Variety is the spice of life, a change is as good as a rest, both are idioms used to express the fact that you should move out of your comfort zone and experience different things. This can apply to music just as much as it applies to anything else. Now, you all know I’m a huge progressive rock fan and the majority of my reviews reflect this. Recently, I decided to step out of the box and listen to something different, expand my music horizons if you will. I have not listened to much of the so called technical progressive metal music that has become increasingly prevalent recently. Bands like Periphery and Monuments have made this genre very popular here in the U.K. and across the world of progressive and metal music. Maybe it’s my age but most of this music has passed me by without making as much as a ripple in my musical consciousness.
One band whose name has kept peering above the parapet of my prog castle is London’s The Safety Fire. They are said to have pushed the boundaries of technical progressive metal since their inception. Sean McWeeney (vocals), Lori Peri (bass), Calvin Smith (drums) and twin guitarists (I don’t mean they are related!) Derya Nagle and Joaquin Ardiles are quoted as being at the forefront of the genre, high praise indeed!
The Safety Fire released an EP (Sections) in 2009 and followed this up with their first, full length album, Grind the Ocean; I joined the party with their latest release Mouth of Swords.
In general, this is a seriously well constructed album, distinctive vocals that have a high range, pounding drums and bass and the two guitars rocking away and compounding the complex but accessible feel to the album. I had my reservations at the start though, album opener and title track Mouth of Swords seems very generic at first, the extreme vocals not immediately to my liking but, as the crashing guitars take centre stage, it all seems to come together, some excellent, if frenetic, fret work showcasing a decent, if not standout, start to the album. Glass Crush carries on in similar vein, the screaming edge of some of the vocals still grating but, in general, this guy has an excellent rock voice that blends perfectly with the fast paced, hard edged guitar sound. The twin guitars giving the band’s sound an added edge when compared to their peers. McWeeney’s voice really stands out in the more choral sections of the track. The great guitar sound and pounding drumbeat that herald Yellowism lead us into more of the complex sections and arrangements that make this more than just screamo or standard rock. Crashing guitar riffs, pounding drums and strong vocals seem to be the way forward for this band. Beware The Leopard (Jagwar) blends this frenetic sound with a more commercial style and is a real stand out track for this, this is where my ears perk up and I really start to get why The Safety Fire are spoken of so highly, forgetting the growly vocals (which most people know I am no fan of) there is a lot to like in this track, the faster, hard edged style blending perfectly with the slower, more thoughtful sections. A more, hard edged metal style hits you in the face at the start of Red Hatchet, the extreme side to McWeeney’s vocals very prevalent on this song. Very complex guitar sections backed up with the incessant drums, this track could define the term technical progressive metal on its own. Some thunderous guitar crashes slam us through the second half of this track before a much slower and mellower ending to the song that seamlessly leads us into the most soft and ballad like song on the album, Wise Hands. Here Sean McWeeney shows us he can do mournful as well as extreme, his voice lifting us through what is a great, soft edged contrast to the bombast on show elsewhere on the album. The guitar sound has a great, almost acoustic feel in places, just a great piece of music. The absolutely thunderous introduction to The Ghost That Waits for Spring with its Star Wars laser gun effects and extreme vocals knocks you back into what is the core of this band, stand out complex guitar runs, technical efficiency and the ever present hard edged vocals, you have sustained a serious aural battering and come out smiling. A delightful, slow tempo and seriously mellow vocal show us the lighter side of The Safety Fire, I Am Time, The Destroyer then hits you extremely hard in the solar plexus, a crashing, complex guitar with a staccato edge to it that backs extreme and hard edged vocals that, in my opinion only, tend to just grate a little before we are hauled back to the softer style at the beginning of the song, this track is a real piece of Jekyll and Hyde music as we seem to head one way then the other to the end. There is no break as we move seamlessly to the final track on the album, Old Souls, a delightful guitar run backs softer vocals at the start. It’s not long before the tempo lifts and we head off into a really clever track that blends the technical, complex and, basically, hard and extreme side of The Safety Fire with a more mellow edge. The vocals shift from the extreme style that McSweeney does so well to a much more mainstream sound that really works on this track. Crashing guitars and great solos meld with lighter elements to give this band their take on this genre of music. The lighter outro to the song is a delight, it is a great ending to the album and leaves an impression on this listener, they have saved the best until last in this case.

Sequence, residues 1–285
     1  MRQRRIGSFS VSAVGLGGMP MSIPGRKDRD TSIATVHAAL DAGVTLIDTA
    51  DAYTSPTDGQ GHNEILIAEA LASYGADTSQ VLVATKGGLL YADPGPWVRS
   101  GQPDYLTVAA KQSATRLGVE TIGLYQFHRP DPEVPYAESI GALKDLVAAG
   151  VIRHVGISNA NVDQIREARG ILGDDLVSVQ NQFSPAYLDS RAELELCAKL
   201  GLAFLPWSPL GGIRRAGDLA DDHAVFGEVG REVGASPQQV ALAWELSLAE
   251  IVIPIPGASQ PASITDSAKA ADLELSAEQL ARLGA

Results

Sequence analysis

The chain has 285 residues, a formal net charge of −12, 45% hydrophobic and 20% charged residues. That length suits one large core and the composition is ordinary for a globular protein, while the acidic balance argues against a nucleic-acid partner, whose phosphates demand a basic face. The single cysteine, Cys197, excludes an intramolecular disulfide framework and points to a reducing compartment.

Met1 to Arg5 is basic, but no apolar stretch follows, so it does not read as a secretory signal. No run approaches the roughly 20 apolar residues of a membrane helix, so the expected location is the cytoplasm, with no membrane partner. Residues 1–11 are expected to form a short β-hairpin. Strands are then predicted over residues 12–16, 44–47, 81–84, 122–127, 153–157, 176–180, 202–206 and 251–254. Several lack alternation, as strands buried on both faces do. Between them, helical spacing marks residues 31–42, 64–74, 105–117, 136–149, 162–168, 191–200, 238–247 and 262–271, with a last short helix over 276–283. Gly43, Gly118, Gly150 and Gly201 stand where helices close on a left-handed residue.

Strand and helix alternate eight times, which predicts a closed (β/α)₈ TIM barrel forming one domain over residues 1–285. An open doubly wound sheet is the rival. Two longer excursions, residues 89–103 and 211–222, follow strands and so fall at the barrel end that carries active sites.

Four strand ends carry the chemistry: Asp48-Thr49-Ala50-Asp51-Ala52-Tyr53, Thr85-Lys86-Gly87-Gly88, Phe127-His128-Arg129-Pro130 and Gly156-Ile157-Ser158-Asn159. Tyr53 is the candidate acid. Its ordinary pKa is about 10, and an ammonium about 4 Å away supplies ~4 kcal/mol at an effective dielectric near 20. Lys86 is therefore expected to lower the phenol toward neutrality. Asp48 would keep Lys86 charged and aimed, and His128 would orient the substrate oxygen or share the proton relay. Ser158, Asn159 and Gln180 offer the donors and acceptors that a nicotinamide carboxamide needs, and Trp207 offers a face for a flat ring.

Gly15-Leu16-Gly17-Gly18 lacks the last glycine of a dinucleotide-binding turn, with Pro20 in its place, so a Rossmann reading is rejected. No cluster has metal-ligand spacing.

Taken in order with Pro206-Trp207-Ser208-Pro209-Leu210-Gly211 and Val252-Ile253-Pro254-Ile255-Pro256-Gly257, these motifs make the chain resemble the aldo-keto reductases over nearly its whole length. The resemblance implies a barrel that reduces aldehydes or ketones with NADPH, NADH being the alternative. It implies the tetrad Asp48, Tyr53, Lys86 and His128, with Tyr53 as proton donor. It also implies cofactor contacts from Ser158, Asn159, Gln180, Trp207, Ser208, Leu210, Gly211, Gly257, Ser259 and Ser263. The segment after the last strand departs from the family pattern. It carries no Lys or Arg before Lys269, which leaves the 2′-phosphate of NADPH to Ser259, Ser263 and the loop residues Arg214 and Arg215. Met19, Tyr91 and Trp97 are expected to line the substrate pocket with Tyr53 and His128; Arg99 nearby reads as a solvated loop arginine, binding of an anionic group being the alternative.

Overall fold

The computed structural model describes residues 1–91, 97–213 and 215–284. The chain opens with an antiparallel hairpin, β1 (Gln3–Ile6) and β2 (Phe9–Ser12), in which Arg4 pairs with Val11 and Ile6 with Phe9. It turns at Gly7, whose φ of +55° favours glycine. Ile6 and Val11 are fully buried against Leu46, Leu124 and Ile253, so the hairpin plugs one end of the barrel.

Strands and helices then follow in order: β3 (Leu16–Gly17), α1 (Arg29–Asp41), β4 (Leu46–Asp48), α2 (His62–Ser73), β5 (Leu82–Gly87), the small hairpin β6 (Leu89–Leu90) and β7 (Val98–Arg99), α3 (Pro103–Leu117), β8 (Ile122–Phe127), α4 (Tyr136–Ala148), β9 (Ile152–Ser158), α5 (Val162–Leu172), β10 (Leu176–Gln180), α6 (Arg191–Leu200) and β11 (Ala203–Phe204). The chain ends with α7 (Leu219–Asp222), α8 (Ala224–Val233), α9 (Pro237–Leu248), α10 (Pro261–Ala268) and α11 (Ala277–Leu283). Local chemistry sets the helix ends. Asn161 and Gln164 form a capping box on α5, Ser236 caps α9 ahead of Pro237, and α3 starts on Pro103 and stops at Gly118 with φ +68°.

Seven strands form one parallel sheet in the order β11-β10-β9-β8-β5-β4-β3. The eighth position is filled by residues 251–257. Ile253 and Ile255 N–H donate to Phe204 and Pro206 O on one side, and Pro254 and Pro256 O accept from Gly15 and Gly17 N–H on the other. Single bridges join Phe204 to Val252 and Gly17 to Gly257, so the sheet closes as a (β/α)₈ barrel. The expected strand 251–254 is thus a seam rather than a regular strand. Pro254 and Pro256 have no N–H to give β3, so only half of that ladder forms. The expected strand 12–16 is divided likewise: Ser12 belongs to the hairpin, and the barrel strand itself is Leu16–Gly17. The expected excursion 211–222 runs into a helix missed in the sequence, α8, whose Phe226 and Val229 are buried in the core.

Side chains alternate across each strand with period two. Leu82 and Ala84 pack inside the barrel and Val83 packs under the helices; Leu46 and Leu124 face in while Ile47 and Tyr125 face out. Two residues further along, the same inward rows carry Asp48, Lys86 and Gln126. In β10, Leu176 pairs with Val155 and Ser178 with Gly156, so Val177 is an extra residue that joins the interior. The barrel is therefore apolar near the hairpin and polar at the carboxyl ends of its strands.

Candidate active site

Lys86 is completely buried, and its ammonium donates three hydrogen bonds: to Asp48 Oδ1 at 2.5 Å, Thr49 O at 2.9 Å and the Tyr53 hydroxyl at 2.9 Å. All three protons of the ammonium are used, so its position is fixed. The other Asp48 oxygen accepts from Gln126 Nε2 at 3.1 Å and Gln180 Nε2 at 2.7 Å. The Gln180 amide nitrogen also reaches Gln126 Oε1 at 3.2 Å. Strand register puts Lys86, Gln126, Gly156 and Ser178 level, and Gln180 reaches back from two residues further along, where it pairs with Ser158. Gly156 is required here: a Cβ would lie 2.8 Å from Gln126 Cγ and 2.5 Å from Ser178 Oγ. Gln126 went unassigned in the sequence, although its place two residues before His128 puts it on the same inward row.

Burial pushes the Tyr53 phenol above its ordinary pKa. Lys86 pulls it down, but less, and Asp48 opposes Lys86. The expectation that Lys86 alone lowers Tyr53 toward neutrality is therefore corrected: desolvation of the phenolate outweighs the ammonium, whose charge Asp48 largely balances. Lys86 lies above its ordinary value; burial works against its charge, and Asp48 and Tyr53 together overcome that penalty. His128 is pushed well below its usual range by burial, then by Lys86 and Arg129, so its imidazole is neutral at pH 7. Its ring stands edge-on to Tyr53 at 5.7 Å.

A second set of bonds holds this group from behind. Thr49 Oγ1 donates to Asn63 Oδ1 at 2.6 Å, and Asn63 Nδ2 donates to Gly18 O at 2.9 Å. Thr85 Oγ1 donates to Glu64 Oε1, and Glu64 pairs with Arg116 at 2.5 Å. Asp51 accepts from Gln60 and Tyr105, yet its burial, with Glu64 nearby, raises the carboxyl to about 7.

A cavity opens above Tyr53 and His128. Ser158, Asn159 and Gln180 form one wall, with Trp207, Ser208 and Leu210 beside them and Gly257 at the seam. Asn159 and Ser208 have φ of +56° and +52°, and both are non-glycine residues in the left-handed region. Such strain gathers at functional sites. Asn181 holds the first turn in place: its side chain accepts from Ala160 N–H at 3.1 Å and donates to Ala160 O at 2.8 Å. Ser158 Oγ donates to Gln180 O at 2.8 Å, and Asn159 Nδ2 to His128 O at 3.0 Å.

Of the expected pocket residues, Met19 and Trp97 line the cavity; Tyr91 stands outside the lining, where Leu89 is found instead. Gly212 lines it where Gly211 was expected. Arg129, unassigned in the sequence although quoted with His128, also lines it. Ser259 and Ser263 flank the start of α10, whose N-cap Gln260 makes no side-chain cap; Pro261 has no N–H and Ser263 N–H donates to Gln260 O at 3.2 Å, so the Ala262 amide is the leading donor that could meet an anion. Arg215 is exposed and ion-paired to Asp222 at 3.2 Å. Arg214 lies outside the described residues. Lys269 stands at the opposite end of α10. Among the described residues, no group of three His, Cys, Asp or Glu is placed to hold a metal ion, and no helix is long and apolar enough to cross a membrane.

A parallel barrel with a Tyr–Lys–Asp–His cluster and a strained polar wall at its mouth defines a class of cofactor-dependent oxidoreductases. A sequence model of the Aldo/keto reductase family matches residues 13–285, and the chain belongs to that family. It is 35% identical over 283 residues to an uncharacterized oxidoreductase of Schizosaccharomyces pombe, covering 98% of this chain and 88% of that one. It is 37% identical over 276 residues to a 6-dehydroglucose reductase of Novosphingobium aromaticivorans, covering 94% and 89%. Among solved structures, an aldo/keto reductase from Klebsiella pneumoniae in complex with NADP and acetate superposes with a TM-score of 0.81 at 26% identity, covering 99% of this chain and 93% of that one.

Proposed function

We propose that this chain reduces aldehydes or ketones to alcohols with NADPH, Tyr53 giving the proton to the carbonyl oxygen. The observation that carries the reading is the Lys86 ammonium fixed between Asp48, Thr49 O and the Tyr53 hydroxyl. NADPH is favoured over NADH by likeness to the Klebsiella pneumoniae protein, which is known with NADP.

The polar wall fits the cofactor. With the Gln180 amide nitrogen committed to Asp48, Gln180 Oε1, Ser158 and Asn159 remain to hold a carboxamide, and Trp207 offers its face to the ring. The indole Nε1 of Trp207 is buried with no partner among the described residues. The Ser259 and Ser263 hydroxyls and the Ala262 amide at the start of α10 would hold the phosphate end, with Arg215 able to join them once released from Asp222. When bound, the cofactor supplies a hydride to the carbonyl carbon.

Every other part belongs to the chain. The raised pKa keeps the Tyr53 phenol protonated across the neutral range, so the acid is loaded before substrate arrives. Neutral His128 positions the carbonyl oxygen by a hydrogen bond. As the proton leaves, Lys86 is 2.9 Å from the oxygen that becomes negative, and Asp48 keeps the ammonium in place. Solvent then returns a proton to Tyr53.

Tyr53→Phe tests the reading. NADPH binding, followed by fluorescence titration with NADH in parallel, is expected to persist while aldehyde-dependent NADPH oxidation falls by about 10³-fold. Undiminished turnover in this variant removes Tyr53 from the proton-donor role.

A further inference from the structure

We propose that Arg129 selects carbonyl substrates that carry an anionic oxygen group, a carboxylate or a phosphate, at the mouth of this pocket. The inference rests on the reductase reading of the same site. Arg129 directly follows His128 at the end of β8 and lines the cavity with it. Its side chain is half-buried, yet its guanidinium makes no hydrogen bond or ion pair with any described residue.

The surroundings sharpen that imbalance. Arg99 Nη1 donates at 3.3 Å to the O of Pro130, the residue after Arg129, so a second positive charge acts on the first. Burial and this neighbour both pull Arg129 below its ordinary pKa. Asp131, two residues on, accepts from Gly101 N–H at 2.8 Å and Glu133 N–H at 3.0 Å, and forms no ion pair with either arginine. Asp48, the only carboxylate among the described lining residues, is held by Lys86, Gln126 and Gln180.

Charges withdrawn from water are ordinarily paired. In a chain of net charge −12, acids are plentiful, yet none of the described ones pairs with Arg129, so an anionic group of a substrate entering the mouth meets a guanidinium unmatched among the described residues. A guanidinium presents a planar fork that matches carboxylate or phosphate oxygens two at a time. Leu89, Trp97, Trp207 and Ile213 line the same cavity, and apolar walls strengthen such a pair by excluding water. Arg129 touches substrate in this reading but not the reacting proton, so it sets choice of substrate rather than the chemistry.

The Safety Fire have produced an album that seems to show all that is good about technical progressive metal, the extreme vocals just seem to grate, that might be just me and don’t let it put you off if you are a fan. Mouth of Swords is a great piece of music that, in places, rises above the competition to really stand out. I am not a true fan of this type of music and am not sure that, however good Mouth of Swords is, I will be converted but, for fans of the genre, I am sure it will be an excellent purchase.